Sri Lanka’s former defence chief accused of torture and killing after being served lawsuit in US grocery parking lot
Sri Lanka’s former powerful defence chief has been accused of torture and killing during the country’s bloody operation against Tamil militants, in an legal filing he was served in the parking lot of a grocery store.
Gotabaya Rajapaksa, 69, the bother of former president Mahinda Rajapaksa, and who for a decade was the minister in charge of the country’s powerful military, has been sued for damages in a civil claim in the United States, where he has joint citizenship.
The South Africa-based International Truth and Justice Project (ITJP), working with the law firm Hausfeld and human rights lawyer Scott Gilmore, filed the damages case on behalf of a Tamil torture survivor, Roy Samathanam.
The lawsuit, which served to Mr Rajapaksa in the car park of the Trader Joe’s supermarket in Pasadena, California, alleges that Mr Samathanam, an ethnic Tamil, was arrested on false charges in Colombo in September 2007 by Sri Lankan police who at the time reported directly to Mr Rajapaksa.
It was brought under the Torture Victim Protection Act of 1991, which gives torture victims legal redress in US courts.
Visiting Sri Lanka to marry his wife, Mr Samathanam was detained for three years and repeatedly denied access to a lawyer or a judge, the lawsuit claims.
Under Mr Rajapaksa’s command, guards tortured Mr Samathanam, threatened to rape and kill his wife and child, and made him watch the electrocution of other prisoners. He was forced to sign a false confession before being released in August 2010 on a plea deal.
Meanwhile, a separate case was filed by the family of murdered Sri Lankan editor Lasantha Wickremetunge, whose January 2009 assassination stunned the island and the international community. He was an outspoken government of Mr Rajapkasa and his brother.
In an essay that was written before his death and published posthumously by his newspaper, The Sunday Leader, he wrote: “People often ask me why I take such risks and tell me it is a matter of time before I am bumped off. Of course I know that: it is inevitable. But if we do not speak out now, there will be no one left to speak for those who cannot.”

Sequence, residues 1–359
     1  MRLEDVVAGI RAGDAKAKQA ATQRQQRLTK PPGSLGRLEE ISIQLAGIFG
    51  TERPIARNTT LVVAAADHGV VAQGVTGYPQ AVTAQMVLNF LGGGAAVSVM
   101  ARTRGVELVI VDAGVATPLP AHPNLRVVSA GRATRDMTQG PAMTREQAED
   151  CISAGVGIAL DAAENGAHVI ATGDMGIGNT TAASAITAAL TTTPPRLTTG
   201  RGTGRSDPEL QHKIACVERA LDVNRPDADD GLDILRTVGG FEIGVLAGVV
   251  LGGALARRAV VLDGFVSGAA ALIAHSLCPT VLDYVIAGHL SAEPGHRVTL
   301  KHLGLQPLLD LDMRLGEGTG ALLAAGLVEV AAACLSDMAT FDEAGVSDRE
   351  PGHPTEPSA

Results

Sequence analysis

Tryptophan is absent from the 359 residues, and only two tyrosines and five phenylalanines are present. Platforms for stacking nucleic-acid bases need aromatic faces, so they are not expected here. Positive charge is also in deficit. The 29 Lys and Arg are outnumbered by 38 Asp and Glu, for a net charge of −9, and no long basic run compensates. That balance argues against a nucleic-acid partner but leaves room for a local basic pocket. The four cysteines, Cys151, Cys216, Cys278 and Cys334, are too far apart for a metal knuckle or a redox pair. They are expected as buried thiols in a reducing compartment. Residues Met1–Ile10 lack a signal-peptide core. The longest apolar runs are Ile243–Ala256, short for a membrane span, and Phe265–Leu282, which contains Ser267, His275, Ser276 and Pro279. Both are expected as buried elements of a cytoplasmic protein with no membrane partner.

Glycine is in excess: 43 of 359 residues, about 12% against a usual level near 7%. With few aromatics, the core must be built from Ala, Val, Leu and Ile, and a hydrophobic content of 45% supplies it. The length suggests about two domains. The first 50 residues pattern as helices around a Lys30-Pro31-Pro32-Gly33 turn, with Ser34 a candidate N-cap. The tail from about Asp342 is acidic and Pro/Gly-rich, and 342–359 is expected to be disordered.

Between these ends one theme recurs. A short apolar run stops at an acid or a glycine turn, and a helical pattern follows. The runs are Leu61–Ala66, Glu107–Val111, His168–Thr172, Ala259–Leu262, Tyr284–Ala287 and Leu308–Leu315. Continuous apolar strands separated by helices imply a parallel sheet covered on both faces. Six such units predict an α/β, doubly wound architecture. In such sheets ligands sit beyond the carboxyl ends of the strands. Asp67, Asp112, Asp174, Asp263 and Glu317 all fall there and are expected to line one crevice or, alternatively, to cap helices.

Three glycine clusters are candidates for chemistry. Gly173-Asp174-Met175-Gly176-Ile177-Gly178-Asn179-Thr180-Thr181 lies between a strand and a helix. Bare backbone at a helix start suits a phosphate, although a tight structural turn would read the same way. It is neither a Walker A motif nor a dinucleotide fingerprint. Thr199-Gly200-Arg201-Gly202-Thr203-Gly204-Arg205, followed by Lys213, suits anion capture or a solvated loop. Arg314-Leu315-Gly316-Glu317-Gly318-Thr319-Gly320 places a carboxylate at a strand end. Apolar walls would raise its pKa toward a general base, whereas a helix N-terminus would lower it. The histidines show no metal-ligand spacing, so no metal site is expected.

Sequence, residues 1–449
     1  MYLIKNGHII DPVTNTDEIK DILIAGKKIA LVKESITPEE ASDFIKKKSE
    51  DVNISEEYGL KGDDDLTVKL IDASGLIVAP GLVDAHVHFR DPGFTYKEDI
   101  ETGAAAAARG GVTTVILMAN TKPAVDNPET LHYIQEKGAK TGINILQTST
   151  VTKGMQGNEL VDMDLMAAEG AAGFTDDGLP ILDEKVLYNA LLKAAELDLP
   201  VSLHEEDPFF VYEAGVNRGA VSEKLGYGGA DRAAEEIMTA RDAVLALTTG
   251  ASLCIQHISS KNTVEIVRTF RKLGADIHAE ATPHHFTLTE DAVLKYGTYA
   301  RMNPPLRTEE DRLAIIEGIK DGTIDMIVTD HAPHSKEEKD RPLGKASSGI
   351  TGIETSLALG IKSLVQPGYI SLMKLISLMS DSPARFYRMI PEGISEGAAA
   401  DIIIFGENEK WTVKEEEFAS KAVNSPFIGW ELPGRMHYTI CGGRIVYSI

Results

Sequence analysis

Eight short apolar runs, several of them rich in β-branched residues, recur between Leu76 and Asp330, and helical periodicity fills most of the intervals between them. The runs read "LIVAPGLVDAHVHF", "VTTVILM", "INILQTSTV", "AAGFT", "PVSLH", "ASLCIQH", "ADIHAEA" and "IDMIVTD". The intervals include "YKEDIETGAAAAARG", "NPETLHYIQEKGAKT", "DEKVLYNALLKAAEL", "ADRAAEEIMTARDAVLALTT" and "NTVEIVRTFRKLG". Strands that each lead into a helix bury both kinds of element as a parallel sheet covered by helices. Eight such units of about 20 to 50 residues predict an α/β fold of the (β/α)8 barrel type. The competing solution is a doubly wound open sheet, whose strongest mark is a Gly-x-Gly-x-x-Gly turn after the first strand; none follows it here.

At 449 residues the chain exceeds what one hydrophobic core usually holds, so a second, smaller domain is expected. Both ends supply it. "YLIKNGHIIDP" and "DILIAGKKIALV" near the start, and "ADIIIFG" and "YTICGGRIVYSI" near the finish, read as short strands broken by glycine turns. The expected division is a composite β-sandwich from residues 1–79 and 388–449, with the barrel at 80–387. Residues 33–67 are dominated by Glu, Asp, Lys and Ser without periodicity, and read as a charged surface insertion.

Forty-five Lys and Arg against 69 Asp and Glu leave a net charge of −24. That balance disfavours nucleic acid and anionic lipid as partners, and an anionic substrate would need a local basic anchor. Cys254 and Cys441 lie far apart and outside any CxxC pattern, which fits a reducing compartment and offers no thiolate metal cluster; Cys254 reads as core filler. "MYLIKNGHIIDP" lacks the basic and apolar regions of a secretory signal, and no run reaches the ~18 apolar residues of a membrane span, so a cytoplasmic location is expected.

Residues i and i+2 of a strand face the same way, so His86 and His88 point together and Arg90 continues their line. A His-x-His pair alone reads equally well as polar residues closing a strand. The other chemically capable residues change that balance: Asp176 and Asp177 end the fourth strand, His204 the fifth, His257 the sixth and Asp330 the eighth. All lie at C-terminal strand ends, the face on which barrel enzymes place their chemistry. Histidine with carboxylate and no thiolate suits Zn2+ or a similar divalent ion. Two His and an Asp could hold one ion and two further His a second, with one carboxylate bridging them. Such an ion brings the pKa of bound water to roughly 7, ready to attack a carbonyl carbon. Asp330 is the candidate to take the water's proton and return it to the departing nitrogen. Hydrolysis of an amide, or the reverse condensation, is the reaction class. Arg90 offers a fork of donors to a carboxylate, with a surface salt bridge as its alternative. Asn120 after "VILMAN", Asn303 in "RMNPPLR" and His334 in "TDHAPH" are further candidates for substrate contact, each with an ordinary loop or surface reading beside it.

Mr Rajapaksa was in charge of the effort to end the civil war that had marred Sri Lanka for three decades and wipe out the Tamil Tiger rebels, who had used suicide bombers and child soldiers as part of their effort to secure a separate ethnic homeland in the north. Sinhala Buddhists constitute around 70 per cent of the island’s population.
In the final stages of the 2009 operation, tens of thousands of Tamil civilians were caught up in the fighting, some of them being used as human shields by the militants. Survivors accused the Sri Lankan military of shelling designated safe zones. A UN panel that investigated the final stages, estimated that around 40,000 civilians were killed.
“While I was in prison I learned what inhumanity looks like,” Mr Samathanam, the plaintiff, said in a statement. “So far, there has been no accountability, so I am happy to take this first step to get justice.”
Mr Rajapaksa has been touted as a potential presidential candidate for his family’s party. He was reportedly served with the notice while making his way to a “Meet the future president” event hosted by a former Sri Lankan consul in Los Angeles.
Mr Rajapaksa did not respond to attempts to contact him.
The torture lawsuit is being overseen by Mr Gilmore, who earlier this year won a civil case against the Syrian government, in which it was ordered by a Washington DC court to may $300m in damages for the killing of Sunday Times journalist Marie Colvin. She and a French photojournalist, Rémi Ochlik, were killed in a rocket attack on a media centre in the rebel-held city of Homs in 2012.
“Mr Samathanam was one of countless civilians detained and tortured in Sri Lanka because of their ethnic Tamil identity,” said Mr Gilmore. “Under international law, Mr Rajapaksa bears command responsibility for the abuses carried by his security forces.”